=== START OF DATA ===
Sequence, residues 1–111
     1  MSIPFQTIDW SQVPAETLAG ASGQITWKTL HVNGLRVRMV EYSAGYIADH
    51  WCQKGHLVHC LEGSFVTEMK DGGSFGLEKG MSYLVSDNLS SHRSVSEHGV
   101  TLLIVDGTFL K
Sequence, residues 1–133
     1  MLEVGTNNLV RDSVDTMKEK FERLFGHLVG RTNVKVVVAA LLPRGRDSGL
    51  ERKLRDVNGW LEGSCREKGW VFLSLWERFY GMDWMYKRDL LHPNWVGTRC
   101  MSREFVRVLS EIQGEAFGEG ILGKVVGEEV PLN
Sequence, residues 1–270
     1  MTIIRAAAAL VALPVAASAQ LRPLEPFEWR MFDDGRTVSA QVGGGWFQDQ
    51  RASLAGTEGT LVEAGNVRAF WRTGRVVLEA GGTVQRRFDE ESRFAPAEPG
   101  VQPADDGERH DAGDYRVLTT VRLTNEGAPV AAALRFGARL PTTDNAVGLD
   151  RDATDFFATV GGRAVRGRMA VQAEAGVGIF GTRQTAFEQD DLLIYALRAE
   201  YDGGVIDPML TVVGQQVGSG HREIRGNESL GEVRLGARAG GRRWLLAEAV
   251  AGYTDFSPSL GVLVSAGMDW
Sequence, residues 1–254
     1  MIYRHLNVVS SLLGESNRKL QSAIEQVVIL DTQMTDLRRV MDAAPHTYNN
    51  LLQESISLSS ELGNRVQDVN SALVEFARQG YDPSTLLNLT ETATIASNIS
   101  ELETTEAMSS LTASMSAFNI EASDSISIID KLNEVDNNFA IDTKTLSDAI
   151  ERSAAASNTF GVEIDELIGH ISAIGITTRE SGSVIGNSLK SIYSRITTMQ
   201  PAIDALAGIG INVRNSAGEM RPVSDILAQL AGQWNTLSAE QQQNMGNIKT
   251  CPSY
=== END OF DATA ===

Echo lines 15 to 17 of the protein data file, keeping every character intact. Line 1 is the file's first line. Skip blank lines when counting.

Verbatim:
   251  AGYTDFSPSL GVLVSAGMDW
Sequence, residues 1–254
     1  MIYRHLNVVS SLLGESNRKL QSAIEQVVIL DTQMTDLRRV MDAAPHTYNN